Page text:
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Motive v. Opportunity is a short story written by Agatha Christie and first published in The Royal Magazine in April 1928 in the UK. In the U.S., the story was first published in Detective Story Magazine in June 1928. It is the fifth short story of the Tuesday Night Club story arc.

In 1932, the story was gathered and published as part of the short story collection The Thirteen Problems.

SynopsisEdit

At the fifth meeting of the Tuesday Night Club, Mr Petherick presents a mystery involving a tampered will. The persons who had the opportunity to do the deed did not have the motive as the will favoured them. On the other hand, the people with the motive did not have the opportunity.

Plot summaryEdit

(may contain spoilers - click on expand to read)

Mr Petherick tells his story which has a legal background. A client of his, who he calls Simon Clode, was a wealthy man who had one son who was killed in the First World War and left an orphaned granddaughter who in turn died when she was a child, leaving the old man bereft and grief-stricken. A brother of his had also recently died and his three children, Grace, Mary and George – all grown-up by the time of the story - came to live with Simon. His will left his estate to these three in equal shares. Grace married but lived nearby with her husband, Philip. George found employment in a bank while Mary stayed behind to care for Simon. The old man still pined for his granddaughter and found himself under the influence of an American spiritualist, Mrs Eurydice Spragg, and her husband, Absalom. Mrs Spragg conducted many séances which resulted in Simon Clode 'contacting' his granddaughter and the Spraggs were virtually resident in the house.

Alarmed by this, Mr Petherick visited his client and then suggested to Grace's husband, Philip, that a noted professor on the subject of spiritualism be invited to the house and be witness to several of the séances. This happened with the results that the professor stated that the Spraggs were frauds. At hearing this, Simon Clode threw Philip out of the house in a fit of anger. The old man then fell ill and was obviously near death. He instructed Petherick to attend him to draw up a new will leaving five thousand pounds to each of his nieces and nephews and the greater part to the Spraggs. As the old man lay in his bed, Petherick tried to dissuade Clode against the terms of the new will but to no avail. Two servants were summoned, instructed to fetch a pen and witness the will which Clode wrote out himself and then gave to Petherick for safekeeping.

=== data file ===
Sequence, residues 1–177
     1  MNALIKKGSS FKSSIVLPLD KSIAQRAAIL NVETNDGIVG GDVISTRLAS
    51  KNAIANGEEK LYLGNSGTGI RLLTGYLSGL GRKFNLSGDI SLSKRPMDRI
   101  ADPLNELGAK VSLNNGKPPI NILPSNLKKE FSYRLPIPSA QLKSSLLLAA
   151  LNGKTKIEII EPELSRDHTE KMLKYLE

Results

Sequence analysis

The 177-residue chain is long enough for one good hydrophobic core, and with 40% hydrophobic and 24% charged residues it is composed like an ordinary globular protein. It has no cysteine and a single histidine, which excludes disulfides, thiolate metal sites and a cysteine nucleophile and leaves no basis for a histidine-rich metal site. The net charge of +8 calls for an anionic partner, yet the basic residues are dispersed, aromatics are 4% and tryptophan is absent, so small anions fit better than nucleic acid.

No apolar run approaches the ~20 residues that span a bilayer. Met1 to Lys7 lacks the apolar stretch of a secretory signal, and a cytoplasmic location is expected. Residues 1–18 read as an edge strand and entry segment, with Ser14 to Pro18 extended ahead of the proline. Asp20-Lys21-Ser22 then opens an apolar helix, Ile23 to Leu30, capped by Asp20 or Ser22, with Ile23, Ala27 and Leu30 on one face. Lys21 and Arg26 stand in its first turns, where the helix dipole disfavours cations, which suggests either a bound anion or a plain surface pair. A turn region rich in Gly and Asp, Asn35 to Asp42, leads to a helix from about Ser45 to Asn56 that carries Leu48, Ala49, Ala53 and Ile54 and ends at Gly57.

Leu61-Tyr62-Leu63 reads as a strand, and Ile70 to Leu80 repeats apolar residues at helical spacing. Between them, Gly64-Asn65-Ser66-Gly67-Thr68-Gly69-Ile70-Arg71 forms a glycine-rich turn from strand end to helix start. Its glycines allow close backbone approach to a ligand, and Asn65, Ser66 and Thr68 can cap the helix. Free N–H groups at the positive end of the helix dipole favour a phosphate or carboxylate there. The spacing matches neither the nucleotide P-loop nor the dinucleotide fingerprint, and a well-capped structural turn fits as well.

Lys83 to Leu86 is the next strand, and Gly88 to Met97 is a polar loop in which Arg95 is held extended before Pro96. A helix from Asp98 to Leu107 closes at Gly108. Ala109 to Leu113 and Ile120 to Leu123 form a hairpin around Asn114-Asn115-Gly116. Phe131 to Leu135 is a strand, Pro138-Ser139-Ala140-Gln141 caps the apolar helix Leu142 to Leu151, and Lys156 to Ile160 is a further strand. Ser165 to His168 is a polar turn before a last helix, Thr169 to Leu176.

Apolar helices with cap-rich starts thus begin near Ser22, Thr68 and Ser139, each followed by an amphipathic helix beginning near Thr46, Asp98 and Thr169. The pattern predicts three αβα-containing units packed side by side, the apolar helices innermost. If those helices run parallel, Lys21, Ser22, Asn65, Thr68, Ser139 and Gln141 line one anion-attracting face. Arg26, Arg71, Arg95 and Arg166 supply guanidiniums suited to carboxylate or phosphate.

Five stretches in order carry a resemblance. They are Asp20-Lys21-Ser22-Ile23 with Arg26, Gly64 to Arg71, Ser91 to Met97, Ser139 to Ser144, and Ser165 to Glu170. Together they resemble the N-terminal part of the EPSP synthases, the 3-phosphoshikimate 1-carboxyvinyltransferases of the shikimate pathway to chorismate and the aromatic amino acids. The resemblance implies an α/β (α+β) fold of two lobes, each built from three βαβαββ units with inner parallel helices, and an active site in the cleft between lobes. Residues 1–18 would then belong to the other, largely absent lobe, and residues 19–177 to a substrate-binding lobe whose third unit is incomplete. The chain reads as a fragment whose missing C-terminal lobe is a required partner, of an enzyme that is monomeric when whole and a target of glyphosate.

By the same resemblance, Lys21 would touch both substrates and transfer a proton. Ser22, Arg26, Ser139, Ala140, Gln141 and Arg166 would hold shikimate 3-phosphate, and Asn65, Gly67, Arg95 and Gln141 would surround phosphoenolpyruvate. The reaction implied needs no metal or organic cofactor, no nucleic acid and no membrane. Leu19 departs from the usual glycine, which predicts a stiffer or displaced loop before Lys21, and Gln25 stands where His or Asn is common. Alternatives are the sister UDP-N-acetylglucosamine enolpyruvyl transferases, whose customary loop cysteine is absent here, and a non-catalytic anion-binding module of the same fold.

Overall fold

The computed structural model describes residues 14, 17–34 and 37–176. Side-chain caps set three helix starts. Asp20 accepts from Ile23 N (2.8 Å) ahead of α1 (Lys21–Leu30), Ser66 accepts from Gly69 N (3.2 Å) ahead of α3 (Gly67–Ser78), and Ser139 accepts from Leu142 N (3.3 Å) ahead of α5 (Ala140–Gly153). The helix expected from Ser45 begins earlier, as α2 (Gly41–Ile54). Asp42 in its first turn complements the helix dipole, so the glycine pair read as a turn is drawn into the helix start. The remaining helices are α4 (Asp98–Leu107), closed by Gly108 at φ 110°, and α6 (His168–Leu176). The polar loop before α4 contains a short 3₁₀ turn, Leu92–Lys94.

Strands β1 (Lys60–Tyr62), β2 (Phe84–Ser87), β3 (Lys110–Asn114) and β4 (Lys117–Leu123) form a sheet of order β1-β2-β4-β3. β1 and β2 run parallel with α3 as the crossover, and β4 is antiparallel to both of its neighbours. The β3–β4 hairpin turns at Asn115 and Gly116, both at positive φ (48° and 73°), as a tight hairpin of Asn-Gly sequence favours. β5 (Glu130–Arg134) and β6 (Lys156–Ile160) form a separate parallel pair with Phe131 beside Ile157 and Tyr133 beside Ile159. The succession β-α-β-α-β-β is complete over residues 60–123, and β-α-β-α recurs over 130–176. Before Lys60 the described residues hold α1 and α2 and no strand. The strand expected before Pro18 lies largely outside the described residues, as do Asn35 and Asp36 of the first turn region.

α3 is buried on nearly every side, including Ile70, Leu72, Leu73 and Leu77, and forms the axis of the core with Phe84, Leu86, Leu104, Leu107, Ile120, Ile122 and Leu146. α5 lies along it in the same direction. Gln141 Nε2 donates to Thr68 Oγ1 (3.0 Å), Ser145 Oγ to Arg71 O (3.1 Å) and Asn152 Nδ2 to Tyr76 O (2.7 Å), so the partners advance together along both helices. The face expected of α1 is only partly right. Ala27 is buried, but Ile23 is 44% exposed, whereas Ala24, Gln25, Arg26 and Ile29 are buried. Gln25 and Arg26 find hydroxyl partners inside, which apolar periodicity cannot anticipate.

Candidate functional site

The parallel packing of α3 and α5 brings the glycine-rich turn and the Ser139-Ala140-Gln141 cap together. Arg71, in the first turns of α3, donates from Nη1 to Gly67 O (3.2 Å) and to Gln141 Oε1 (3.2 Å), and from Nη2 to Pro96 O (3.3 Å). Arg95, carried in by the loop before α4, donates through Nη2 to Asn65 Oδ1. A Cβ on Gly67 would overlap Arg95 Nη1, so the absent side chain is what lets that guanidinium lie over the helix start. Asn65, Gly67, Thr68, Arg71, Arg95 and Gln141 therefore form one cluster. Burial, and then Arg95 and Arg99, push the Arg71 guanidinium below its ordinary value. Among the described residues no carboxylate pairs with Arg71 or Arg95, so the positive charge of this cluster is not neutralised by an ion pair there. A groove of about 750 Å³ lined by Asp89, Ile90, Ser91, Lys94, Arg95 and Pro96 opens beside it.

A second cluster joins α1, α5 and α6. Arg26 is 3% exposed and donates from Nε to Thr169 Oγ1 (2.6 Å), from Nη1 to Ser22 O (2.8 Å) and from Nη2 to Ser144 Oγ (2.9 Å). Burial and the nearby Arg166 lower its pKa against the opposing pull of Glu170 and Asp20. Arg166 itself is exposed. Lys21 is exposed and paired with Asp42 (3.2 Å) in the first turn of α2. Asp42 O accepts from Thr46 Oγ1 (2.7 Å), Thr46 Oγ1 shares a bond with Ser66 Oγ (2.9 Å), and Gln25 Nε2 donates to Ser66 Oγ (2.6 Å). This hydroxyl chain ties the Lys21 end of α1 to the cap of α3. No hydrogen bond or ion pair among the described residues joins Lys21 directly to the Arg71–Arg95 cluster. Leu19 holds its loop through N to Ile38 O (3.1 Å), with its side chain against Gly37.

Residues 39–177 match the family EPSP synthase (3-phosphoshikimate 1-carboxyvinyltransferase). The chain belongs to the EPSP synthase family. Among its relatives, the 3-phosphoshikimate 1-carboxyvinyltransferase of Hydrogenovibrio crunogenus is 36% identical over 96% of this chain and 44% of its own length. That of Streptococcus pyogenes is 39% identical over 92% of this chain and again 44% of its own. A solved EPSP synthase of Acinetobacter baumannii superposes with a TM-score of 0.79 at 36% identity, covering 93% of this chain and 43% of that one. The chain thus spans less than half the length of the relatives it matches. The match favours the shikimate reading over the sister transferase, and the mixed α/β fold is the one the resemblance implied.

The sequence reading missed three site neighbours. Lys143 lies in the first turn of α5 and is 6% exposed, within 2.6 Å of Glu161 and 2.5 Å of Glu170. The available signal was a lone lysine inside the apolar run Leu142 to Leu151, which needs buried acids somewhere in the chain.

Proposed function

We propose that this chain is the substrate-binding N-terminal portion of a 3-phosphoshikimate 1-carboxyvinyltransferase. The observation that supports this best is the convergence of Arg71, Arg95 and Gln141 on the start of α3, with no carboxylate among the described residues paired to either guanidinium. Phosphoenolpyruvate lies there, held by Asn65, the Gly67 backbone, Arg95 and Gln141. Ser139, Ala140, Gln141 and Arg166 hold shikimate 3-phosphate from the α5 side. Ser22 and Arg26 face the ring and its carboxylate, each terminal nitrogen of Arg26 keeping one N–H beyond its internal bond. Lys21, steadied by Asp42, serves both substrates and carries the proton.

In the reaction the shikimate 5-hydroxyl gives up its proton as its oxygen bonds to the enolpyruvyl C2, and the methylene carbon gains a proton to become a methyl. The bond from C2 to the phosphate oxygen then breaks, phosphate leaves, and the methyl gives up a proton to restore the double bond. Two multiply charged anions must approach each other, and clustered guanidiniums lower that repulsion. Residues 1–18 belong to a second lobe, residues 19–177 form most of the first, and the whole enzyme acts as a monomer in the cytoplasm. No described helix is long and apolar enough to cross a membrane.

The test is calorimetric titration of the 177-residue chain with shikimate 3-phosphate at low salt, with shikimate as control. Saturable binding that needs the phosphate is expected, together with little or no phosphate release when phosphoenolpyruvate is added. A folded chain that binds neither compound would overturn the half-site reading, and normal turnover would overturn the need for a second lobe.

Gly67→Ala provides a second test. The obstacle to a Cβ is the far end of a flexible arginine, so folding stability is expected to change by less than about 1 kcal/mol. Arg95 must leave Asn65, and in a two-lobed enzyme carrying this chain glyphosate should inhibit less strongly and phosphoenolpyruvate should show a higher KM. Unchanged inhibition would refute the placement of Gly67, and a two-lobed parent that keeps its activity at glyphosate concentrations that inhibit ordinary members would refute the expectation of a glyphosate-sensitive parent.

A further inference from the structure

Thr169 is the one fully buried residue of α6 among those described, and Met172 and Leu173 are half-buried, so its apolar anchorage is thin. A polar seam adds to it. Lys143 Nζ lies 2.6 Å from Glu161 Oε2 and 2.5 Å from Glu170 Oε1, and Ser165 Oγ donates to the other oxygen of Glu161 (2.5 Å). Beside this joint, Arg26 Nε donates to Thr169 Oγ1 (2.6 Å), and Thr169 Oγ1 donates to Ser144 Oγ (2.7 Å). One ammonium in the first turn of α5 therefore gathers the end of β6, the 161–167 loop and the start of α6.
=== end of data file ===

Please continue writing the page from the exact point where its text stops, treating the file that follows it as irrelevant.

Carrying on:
After this part of the business had been concluded, Petherick went downstairs for tea and to help George Clode with some matters to do with the estate. During this period, Petherick left his overcoat where only Mrs Spragg could have gained access to the envelope with the will in it. Petherick took it to his office where he was soon visited by Mr Spragg who was left alone with the will for a few moments.

Two months later, Clode died. When the will was opened, the sheet was blank. Petherick's problem was that Mrs Spraggs had the opportunity to change the will, but the will was already in her favour. So she had the opportunity but no motive. Whereas George had the motive but no opportunity, as when he had access to the will Mr. Petherick was present there. So he had motive but no opportunity. Miss Marple again guesses the solution when she compares the actions to those of Tommy Symonds – a local mischievous boy. The pen that was used to write out the will contained a solution of starch in water with a few drops of iodine in it (disappearing ink). Petherick confirms that Philip confessed as much in a guarded conversation he had with him a month later. The house servants were told which pen to fetch for Simon Clode if it looked like he was going to be signing a legal form and they complied with the instructions. The three children gained their rightful inheritance.

CharactersEdit

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Research notesEdit

Film, TV, or theatrical versionsEdit

Agatha Christie's Great Detectives Poirot and MarpleEdit

NHK produced an anime adaptation of the story as episode 27 of their Japanese anime series Agatha Christie's Great Detectives Poirot and Marple with the same title: Motive v. Opportunity. The episode was broadcast in 2004 and features Miss Marple and her great niece Mabel West.

Publication history Edit

  • 1928 The Royal Magazine (London), issue 354 April 1928 - with illustrations by Gilbert Wilkinson
  • 1928 Detective Story Magazine (New York), Volume 102 Number 3, 30 June 1928 - as "Where's the Catch?"
  • 1932, The Thirteen Problems/The Tuesday Club Murders
    • 1932, Collins Crime Club (London), June 1932, Hardcover, 256 pp
    • 1933, Dodd Mead and Company (New York), 1933, Hardcover, 253 pp
    • 1943, Dell Books (New York), Paperback, (Dell number 8)
    • 1953, Penguin Books, Paperback, (Penguin number 929), 224 pp (under slightly revised title of Miss Marple and the Thirteen Problems)
    • 1958, Avon Books (New York), Paperback (Avon number T245)
    • 1961, Pan Books, Paperback (Great Pan G472), 186 pp
    • 1963, Dell Books (New York), Paperback, 192 pp
    • 1965, Fontana Books (Imprint of HarperCollins), Paperback, 192 pp
    • 1968, Ulverscroft Large-print Edition, Hardcover, 207 pp ISBN 0-85456-475-6
    • 1972, Greenway edition of collected works (William Collins), Hardcover, 222 pp
    • 1973, Greenway edition of collected works (Dodd Mead), Hardcover, 222 pp
    • 2005, Marple Facsimile edition (Facsimile of 1932 UK first edition), September 12, 2005, Hardcover, ISBN 0-00-720843-X
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